Contraception and pregnancy planning needs of women receiving opiate substitution treatment: can community pharmacy fill the gap?

First published: 13/03/2019 | Last updated: March 28th, 2019

Dr Hannah Family

Lecturer

I’ve been working in the field of pharmacy and health services research since 2008 when I joined the department of Pharmacy and Pharmacology at the Univeristy of Bath. Initially I joined the department as a research assistant, realising the many opportunities for psychologists in this field I decided to undertake a PhD with the team. The focus of my thesis was the impact that workload, and in particular mental workload (which is an index of how much work our cognitive processes are undertaking in any given moment) and whether this could be related to errors in routine tasks carried out by community pharmacists and their teams. I completed my PhD at the end of 2013 and since this time I have been working as a lecturer in the same department providing training to Master of Pharmacy students in consultation skills, human factors for patient safety, health psychology and behaviour change. For two years (Nov 2011-Dec 2013) I was Chair Elect and subsequently Chair of the South West of England Branch of the British Psychological Society. This involved leading a team of 30 remotely located volunteers, between us we held over 100 networking events, talks and conferences for psychologists and individuals interested in psychology around the south west, we also produced a quarterly publication for the society and delivered careers events to schools around the South West of England. In this role I was also able to contribute to national work being carried out by the British Psychological Society.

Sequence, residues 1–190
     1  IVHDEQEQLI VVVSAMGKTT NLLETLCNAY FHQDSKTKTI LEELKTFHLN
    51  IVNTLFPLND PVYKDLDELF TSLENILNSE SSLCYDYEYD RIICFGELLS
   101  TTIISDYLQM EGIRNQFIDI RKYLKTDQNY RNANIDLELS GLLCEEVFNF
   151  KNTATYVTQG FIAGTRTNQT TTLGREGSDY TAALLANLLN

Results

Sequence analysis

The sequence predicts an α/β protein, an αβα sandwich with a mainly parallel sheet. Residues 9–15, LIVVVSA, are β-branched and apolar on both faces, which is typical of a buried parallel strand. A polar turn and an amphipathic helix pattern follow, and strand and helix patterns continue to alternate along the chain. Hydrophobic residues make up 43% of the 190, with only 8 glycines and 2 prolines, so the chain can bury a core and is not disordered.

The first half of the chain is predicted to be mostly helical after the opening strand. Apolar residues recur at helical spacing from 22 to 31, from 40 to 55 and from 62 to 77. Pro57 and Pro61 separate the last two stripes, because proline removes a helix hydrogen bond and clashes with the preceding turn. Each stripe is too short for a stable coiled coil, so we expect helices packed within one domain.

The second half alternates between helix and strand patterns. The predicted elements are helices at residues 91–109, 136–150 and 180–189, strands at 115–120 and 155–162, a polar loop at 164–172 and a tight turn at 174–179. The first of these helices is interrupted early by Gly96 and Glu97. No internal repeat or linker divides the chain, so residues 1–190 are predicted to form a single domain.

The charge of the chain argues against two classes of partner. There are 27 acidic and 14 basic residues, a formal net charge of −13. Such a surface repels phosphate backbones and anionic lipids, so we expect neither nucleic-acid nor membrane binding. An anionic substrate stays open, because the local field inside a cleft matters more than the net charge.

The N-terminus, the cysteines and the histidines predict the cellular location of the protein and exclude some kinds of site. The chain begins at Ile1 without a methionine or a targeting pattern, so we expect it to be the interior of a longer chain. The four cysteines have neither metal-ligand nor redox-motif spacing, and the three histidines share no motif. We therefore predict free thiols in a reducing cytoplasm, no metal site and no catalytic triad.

Aims: Previous research suggests that some women receiving opiate substitution treatment (WRO) can fall through the gaps with regards to preconception counselling and contraception support. This study aimed to explore the contraception and pregnancy planning needs of WRO and whether community pharmacies (CPs) would be an acceptable and feasible place for WRO to receive this support.

Methods: 40 WRO aged between 22 and 49 years were recruited through drug and alcohol services in the south west and south east of England. Face-to-face semi-structured interviews were conducted, transcribed verbatim, and analysed via Framework.

Results: Over half (n=23) were not using contraception, of which most were sexually active and not planning to conceive. Contraceptive preferences and barriers to use were discussed. Twelve wished to conceive in the future, when their lifestyles were more stable, and two were currently pregnant. WRO were receptive to CPs providing contraception or pregnancy advice, but worried about pharmacists raising the topic without being asked: “I would think ‘what are you trying to imply?’” [WRO 23]. Although open to CP support many felt the most acceptable setting was their drug and alcohol service where they were better known. A few WRO felt that the pharmacists’ workload made this support infeasible.

Conclusions: For CPs to offer such support to WRO, the way the service is introduced needs to be considered, to ensure WRO are not offended when the topic is raised. Opportunities for CP and drug and alcohol services to work together to provide this support should be considered.

 

Dr Hannah Family